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Christmas Museum Evokes Memories of Holidays Past

  • Deborah Block

The National Christmas Center brings to mind the joy and memories of Yuletides past. The only Christmas museum in the world is full of nostalgia, and thousands of items, like vintage toys and ornaments. The privately-owned attraction in the small town of Paradise, Pennsylvania is considered one of the most Christmassy places in America.

And it’s no wonder.

In a toy room, charming toys from different eras line the shelves, like a jack-in-the-box, a wooden work bench, a sock monkey and other stuffed animals of all kinds. A small ballerina in a sparkly white dress twirls, while some bears and elves move in circles.

Revisiting a time gone by

“I love seeing the different toys, said visitor Lindsay Hallman. It definitely brings me back to when I was a kid, the excitement about Christmas.”

The toys and other stuff are new to her five-year-old son Brody, who is just as excited.

“There’s lots of lights and a lot of Christmas trees are up,” he said with delight.

Museum curator, Jim Morrison, now in his 70s, says he put his treasures in the museum to share his love of Christmas with others.

Museum curator, Jim Morrison, now in his 70s, says he put his treasures in the museum to share his love of Christmas with others.

Five-hundred Santa Clauses are scattered throughout the museum, which include figurines from the late 1800s. There’s Santa’s workshop at the North Pole, and Santa and other Father Christmas figures from different countries in an exhibit on Christmas around the world.

Today, museum curator, Jim Morrison, is dressed as Santa Claus from 100 years ago. He said the jolly old man’s clothing has changed over time.

“He had blue pants and a red top and white fur and that kind of developed into the red Santa we know today,” he explained.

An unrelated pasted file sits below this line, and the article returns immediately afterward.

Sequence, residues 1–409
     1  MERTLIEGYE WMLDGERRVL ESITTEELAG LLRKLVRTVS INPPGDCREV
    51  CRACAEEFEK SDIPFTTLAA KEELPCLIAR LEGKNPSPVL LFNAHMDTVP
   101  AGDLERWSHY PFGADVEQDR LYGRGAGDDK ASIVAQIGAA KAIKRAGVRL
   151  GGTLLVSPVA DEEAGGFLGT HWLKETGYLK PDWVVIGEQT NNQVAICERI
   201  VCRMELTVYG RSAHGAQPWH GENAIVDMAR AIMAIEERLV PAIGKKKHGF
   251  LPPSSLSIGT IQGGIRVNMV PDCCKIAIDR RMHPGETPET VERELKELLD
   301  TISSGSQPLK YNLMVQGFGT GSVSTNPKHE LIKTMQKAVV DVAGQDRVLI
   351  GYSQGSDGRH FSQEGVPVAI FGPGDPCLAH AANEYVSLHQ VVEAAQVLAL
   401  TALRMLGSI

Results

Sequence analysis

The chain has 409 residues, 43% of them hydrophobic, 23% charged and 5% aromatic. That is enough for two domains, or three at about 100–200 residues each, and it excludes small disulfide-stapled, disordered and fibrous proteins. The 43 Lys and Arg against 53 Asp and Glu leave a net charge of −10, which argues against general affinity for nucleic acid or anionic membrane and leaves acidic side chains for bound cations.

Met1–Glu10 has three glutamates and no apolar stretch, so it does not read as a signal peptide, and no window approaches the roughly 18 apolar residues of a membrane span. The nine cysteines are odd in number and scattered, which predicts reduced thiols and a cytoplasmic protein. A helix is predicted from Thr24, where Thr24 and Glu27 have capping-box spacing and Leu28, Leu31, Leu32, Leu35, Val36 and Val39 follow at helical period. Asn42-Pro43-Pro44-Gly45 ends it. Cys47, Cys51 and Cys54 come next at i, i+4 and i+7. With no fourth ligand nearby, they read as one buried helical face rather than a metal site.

About three-quarters of the objects in the center come from Morrison, whose enthusiasm for Christmas as a child prompted him to gather all things Christmas-related.

“There is a little train that my aunt gave me when I was three years old," he said. "That little train started all of this here.”

Five-hundred Santa Claus figures are scattered throughout the museum, including this North Pole workshop and an exhibit on Christmas around the world.

Five-hundred Santa Claus figures are scattered throughout the museum, including this North Pole workshop and an exhibit on Christmas around the world.

Now in his 70s, Morrison put his treasures into the1,800-square-meter building to share his love of Christmas with others.

Sparking imagination

Christmas has gotten to be “too much buying and shopping malls,” said Morrison. “I kind of liked it the way it was when I was a little boy, so we built this through the imagination of a child, all the special things — caroling, the Christmas tree, just memories of generations.”

Visitors are especially taken by the recreated Woolworth’s store — the first retail chain to sell factory-made goods at cheap prices. For more than a century, starting in the late 1800s, Woolworth’s was the place to go for Christmas decorations and toys.

“I remember going there with my mom when we were kids, and all the different toys, and the dolls,” reminisces Judy Smith from nearby Lancaster, Pennsylvania.

Bob Berkowski found some metal bells his grandmother used to hang on her tree every year.

“They bring back good memories,” he said.

Young at heart

The memorabilia also brought back the past for Maryann and Walter Smith, a married couple from New York.

“See that little dish with the little handle?” said Maryann, pointing at a round, clear glass bowl. "I used to buy that for my mother for Christmas at Woolworth's.”

Her husband Walter sees silver tinsel in a cardboard box. It reminded him that even though his family “was kind of poor,” his father would manage to buy a Christmas tree.

“My father would get the skinniest tree that he could find. By putting the tinsel strands down between the skimpy branches it sort of filled out the tree.’

The young — or young at heart — can stroll through the whimsical TudorTowne, based on a book about an old English village, where the animals get into the Christmas spirit. And the impressive Toyland Train Mountain, featuring electric trains traveling through villages and towns, is reminiscent of smaller versions often placed under the Christmas tree.

“I really want visitors to remember the real meaning Christmas, the birth of Jesus Christ,” said Morrison.

The museum has a large collection of striking nativity scenes, some life-sized, others small enough to hold in your hand. They come from many places including Italy, China, Estonia, and Russia, as well as several countries in Africa.

For older visitors, the center’s memorabilia takes them back to being a kid again. And for kids, it’s a look at the joy of Christmas before they were born.

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